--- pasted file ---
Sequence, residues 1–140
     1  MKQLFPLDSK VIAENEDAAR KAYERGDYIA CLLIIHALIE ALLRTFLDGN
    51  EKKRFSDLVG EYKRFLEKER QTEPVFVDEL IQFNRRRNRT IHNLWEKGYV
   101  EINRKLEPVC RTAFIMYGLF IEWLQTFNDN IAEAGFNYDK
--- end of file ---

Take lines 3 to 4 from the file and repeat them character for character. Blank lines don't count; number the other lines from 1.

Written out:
    51  EKKRFSDLVG EYKRFLEKER QTEPVFVDEL IQFNRRRNRT IHNLWEKGYV
   101  EINRKLEPVC RTAFIMYGLF IEWLQTFNDN IAEAGFNYDK